A large part of this will be due to marketers moving away from ‘segmentation marketing’ (i.e. Segment 1 will see this post, Segment 2 will see that post), and veering toward treating each member of their audience as individuals, including more personal notifications, and personalised content. As an example, take a look at some of the more personal videos Facebook has been enabling throughout the year, including for Christmas, resulting in growth in consumer engagement and overall interaction.
Mobile, Mobile, Mobile
With the launch of Apple’s iBeacon, Apply Pay, and Google Wallet and with Facebook’s last frontier being mobile (arguably), mobile is an area that’s grabbing everyone’s attention. What this means is that all social platforms will have to ensure their mobile strategy for the coming year is something pretty special.
More platforms will allow companies to promote to audiences based on mobile network. The promoted content you see in your feeds will be optimised for mobile sharing. Integrations with the Internet Of Things will become more common. Real time and location specific posts will become far more ‘normal’. By this last point, I mean, rather than just receiving promoted posts simply because you’re in New York City, you receive one because you’ve just walked into Le Bernardin on 51st Street.
And A Few More Thoughts
- LinkedIn will at last make a renaissance. There’s currently no great place for B2B social media. LinkedIn has been a mess for several years now, but recently it seems they’re starting to get their act together.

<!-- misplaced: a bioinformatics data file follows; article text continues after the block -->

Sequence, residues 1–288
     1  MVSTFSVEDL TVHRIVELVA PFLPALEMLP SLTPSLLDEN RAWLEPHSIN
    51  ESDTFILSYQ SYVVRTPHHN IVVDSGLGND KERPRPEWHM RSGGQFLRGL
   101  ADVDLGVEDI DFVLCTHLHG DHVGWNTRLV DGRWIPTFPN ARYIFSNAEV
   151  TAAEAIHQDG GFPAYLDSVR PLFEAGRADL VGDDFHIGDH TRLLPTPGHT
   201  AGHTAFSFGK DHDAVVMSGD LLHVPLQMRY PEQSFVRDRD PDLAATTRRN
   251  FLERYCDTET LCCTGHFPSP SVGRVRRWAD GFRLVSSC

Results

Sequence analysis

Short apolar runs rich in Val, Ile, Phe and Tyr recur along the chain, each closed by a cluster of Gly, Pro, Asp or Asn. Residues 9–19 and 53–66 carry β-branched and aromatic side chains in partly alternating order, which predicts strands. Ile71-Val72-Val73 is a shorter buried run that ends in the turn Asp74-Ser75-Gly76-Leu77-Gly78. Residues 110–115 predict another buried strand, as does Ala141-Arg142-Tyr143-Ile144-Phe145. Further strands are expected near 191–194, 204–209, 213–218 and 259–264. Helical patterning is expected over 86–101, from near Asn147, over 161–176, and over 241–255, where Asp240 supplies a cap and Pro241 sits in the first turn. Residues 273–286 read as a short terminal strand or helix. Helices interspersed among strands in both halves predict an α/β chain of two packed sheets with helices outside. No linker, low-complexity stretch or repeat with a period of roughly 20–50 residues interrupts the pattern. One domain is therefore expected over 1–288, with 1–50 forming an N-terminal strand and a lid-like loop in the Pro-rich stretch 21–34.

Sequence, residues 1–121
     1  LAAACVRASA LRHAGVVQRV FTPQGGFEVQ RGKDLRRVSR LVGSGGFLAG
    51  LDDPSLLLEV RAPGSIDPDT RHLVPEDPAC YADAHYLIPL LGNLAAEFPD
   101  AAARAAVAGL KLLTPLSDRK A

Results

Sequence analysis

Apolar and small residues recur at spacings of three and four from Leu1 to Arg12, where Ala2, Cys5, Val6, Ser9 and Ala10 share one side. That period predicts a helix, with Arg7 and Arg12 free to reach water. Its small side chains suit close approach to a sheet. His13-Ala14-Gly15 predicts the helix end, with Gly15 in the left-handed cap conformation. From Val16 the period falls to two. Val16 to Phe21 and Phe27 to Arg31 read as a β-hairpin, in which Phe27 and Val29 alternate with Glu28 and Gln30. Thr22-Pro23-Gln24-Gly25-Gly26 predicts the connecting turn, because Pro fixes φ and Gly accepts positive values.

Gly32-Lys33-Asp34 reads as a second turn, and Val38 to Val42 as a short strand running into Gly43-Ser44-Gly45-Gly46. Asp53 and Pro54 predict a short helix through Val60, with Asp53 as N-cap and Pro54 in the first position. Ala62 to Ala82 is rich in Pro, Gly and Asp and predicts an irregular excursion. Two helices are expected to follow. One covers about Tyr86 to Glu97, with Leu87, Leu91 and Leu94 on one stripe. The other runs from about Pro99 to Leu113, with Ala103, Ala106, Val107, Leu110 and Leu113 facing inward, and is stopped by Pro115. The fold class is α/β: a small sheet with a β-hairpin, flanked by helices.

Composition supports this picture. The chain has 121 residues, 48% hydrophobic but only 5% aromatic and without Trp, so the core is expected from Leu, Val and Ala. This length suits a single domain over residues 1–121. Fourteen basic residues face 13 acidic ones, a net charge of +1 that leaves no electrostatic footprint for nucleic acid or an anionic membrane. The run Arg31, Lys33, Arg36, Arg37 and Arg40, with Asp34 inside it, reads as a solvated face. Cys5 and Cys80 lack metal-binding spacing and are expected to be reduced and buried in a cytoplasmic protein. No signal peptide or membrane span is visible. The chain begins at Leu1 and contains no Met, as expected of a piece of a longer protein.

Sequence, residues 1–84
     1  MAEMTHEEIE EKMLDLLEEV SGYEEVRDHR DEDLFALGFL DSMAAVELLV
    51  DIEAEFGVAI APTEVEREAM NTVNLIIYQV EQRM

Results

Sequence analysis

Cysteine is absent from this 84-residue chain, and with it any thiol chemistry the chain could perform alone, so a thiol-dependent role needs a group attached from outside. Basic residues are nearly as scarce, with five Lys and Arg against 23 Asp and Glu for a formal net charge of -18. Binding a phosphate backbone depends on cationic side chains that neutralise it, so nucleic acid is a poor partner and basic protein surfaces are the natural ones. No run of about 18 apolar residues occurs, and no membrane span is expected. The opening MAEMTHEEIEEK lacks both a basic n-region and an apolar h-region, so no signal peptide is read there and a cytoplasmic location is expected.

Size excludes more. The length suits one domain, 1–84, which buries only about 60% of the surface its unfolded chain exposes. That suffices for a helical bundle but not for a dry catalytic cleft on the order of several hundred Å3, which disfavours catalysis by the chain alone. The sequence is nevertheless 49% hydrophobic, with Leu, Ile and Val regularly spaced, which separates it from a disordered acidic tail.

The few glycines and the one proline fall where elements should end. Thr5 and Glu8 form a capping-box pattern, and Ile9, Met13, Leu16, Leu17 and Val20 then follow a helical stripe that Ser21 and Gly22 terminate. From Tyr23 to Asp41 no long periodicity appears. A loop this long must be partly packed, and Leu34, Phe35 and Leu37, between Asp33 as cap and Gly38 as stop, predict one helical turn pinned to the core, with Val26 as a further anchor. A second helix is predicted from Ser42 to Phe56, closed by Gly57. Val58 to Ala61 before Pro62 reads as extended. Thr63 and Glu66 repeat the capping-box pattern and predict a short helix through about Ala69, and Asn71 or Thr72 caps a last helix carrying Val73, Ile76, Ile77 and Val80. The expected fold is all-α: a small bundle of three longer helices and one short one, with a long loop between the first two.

- Google+ will just about survive, but not necessarily as a social media platform. Companies seem to be leaving Google+ in droves as the ROI just isn’t there. Yet, the stakes are too high for Google to close Google+ completely. It’s greatly helping to improve personalised search results, plus it’s awesome at helping Google to collect more information about individual users. Google+ groups are thriving due to bloggers though, so I anticipate people will start to see the platform as more of a content distribution platform than as a social network.
- #Hashtagging will become more mainstream. I’ve spoken to several companies who are looking at utilising hashtagging more in 2015. Take a look at what Kik is up to to see what I mean. Conversing and having actual discussions that are meaningful is becoming less common on social media. By using hashtags as a way of filtering and sorting our conversations, networks and interests, I’m hoping social media will once again become more ‘social’.
- Instagram will leave Vine in the dust. Virtually all CEOs and marketers I’ve spoken to recently have expressed plenty of interest in increasing their presence on Instagram (especially video), yet, relatively few desire to concentrate on Vine.
What Do You See In Social Media’s Future?
In all though, social media looks set to become an even more essential part of our lives, irrespective of whether we want it to or not. The content may evolve, or become more personal, and we may end up relying on hashtags more and more. Whether this is good or bad for us as individuals or society is open to debate, but its lingering role in our lives is not.
What else do you think we can expect from social media in 2015?